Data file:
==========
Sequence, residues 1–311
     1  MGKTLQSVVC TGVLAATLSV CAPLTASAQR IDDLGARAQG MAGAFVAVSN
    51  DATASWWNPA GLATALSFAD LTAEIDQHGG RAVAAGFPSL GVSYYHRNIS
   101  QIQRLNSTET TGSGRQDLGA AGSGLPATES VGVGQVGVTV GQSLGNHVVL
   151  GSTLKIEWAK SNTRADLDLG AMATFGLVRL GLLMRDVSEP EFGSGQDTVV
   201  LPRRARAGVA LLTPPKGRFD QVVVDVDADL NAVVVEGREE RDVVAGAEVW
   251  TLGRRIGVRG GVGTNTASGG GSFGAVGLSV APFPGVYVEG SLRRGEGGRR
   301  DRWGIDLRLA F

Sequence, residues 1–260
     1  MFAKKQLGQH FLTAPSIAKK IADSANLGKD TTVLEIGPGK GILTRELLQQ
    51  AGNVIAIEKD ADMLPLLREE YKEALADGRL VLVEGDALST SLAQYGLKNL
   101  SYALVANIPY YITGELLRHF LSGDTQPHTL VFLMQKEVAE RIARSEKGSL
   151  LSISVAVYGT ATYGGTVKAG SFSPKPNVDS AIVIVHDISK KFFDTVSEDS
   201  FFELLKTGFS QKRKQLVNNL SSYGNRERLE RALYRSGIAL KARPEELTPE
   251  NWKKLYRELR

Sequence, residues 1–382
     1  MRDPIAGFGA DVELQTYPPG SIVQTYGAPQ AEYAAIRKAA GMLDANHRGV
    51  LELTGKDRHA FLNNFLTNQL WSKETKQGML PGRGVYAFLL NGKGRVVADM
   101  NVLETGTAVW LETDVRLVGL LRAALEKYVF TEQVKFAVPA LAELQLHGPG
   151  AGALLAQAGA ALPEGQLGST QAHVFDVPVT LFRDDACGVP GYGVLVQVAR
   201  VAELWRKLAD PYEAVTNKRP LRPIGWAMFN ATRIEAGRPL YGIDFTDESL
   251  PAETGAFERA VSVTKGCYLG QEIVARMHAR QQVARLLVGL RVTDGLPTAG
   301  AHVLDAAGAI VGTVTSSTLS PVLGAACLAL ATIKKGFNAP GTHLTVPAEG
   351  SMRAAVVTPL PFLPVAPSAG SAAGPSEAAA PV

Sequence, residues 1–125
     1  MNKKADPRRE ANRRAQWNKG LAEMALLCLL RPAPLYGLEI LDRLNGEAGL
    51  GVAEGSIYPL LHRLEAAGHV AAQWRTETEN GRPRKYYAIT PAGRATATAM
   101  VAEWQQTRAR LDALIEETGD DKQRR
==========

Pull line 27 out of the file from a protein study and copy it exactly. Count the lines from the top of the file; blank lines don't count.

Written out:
    51  GVAEGSIYPL LHRLEAAGHV AAQWRTETEN GRPRKYYAIT PAGRATATAM